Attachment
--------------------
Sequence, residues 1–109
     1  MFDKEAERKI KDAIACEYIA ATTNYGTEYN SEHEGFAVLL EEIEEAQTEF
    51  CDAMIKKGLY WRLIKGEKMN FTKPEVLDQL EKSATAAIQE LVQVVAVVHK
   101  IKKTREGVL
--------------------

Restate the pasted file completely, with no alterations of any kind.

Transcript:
Sequence, residues 1–109
     1  MFDKEAERKI KDAIACEYIA ATTNYGTEYN SEHEGFAVLL EEIEEAQTEF
    51  CDAMIKKGLY WRLIKGEKMN FTKPEVLDQL EKSATAAIQE LVQVVAVVHK
   101  IKKTREGVL